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Baalbek, 86km (53mi) north-east of Beirut, was originally named after the Phoenician god Baal. The town was renamed Heliopolis by the Greeks and still later it was made a centre of Jupiter worship by the Romans. During its Roman era, Baalbek was the premier city in Roman Syria. In more recent times, the anti-Western Islamic fundamentalist Hezbollah made its headquarters here, and the town has only reopened to tourists in the last couple of years. The modern town is very small, but its Roman ruins are probably the best archaeological site in the country.Baalbek's temple complex is one of the largest in the world. The complex is about 300m (984ft) long and has two temples with porticoes, two courtyards and an enclosure built during the Arab period. The Temple of Jupiter, completed around 60 AD, is on a high platform at the top of a monumental staircase; only six of its colossal columns (22m/72ft) remain, giving an idea of the vast scale of the original building. The nearby Temple of Bacchus, built around 150 AD, is pretty well preserved. Outside the main area is a tiny, exquisite Temple of Venus, a gorgeous circular building with fluted columns.


The trip to Bcharré and the Cedars, about 30km (19mi) inland from Tripoli, passes through some of the most beautiful scenery in Lebanon. The road winds along mountainous slopes, gaining altitude and winding precipitously above spectacular gorges. Villages of red-tile roofed houses perch atop hills or cling precariously to the mountainsides and there are vistas of olive groves, vineyards, lush valleys and mountain peaks at every turn.The village of Bcharré is home to the Gibran Museum - the famous author/artist was born here and is buried in an old monastery overlooking the town. The museum has a large collection of his oil paintings, drawings and gouaches, as well as many of his manuscripts. You can visit his coffin in the monastery's former chapel: in the same room are a table, chair and other things he owned.Above Bcharré the road climbs to Lebanon's last remaining forest of Biblical cedars, known locally as Arz Ar-rab (God's cedars). This is only a small forest - although the tree once grew throughout the country, it has been heavily exploited. Some of the trees here are 1500 years old, and the site is classified as a national monument. Below Bcharré, the spectacular Qadisha Gorge holds the tombs of the early Maronite patriarchs, as well as rock-cut monasteries. The gorge is a hiker's paradise, with paths along the top and bottom.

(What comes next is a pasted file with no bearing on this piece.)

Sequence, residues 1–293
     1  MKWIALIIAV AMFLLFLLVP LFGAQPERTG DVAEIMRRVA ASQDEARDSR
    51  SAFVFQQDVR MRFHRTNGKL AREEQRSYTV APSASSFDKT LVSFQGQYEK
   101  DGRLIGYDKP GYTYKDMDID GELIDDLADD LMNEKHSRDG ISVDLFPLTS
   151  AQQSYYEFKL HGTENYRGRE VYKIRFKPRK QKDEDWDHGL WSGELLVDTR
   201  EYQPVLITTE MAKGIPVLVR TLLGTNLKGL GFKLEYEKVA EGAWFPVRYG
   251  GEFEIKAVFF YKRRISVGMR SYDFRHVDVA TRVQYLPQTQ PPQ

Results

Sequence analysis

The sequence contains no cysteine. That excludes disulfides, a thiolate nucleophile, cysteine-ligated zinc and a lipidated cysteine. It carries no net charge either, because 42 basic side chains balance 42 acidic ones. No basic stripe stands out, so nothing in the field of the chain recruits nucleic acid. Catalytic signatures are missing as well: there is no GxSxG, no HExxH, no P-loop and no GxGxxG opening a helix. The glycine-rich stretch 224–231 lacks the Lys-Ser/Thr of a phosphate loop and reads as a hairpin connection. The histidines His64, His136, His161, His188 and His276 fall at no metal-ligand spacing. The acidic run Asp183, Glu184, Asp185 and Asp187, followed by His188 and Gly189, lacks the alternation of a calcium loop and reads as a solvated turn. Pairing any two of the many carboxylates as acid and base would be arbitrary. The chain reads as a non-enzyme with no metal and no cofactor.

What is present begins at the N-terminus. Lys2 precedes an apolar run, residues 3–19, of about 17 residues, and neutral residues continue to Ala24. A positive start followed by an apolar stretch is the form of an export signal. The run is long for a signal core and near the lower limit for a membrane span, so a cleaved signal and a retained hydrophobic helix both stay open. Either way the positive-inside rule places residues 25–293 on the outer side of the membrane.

Once known as the Paris of the Middle East, Beirut really took a beating during the 17-year war in Lebanon. The city hasn't really recovered from the bombardments and the influx of refugees, and the destruction, rebuilding, overcrowding and chaos are often a shock to new arrivals. Situated smack in the middle of Lebanon's Mediterranean coast, Beirut is a city of contrasts: beautiful architecture exists alongside concrete eyesores; traditional houses set in jasmine-scented gardens are dwarfed by modern buildings; winding old alleys turn off from wide avenues; and swanky new cars vie for right of way with vendor carts. Although there's not much to see here anymore, it's still a city of vibrancy and charm.The Hamra area, in the north-west of the city, is now home to the city's banks, hotels, restaurants, cafes and post office. It's also a great place to window shop and soak up the atmosphere. North of Hamra, the American University of Beirut has a small museum of archaeology, although it's not as impressive as the National Museum which re-opened, post-reconstruction, in 1999. The museum's collection of Phoenician figurines is particularly interesting. The Sursock Museum in east Beirut is housed in a splendid Italianate style 19th century villa. The interior is also très stylish, and exhibits include Turkish silverware, icons, contemporary Lebanese art and a small but interesting library.A visit to Beiru Central District (known colloquially as 'downtown') will give you a good idea of what the city went through during the war. Parts of the area are being restored, others have been bulldozed and others are an apocalyptic landscape of burnt-out shells. The centre of Downtown, the Place des Martyrs, has been almost completely bulldozed (only the emotive Martyrs Statue still stands), and a huge billboard has been erected to show what the city has in mind for the area. The Omari Mosque, sometimes known as the Grand Mosque, is one of the few historic buildings still standing: built in the Byzantine era as a Crusader church, it was converted to a mosque in 1291.Pigeon Rocks are the most famous natural feature of Beirut. These offshore rock arches are a lovely complement to Beirut's dramatic sea cliffs, and locals tend to congregate here to watch the sunset and get away from the traffic noise. It's a delight to wander along the Corniche, Beirut's coastal road, and just take in the sea air, stop to drink a coffee served from the back of a van or sample some produce from a push-cart vendor.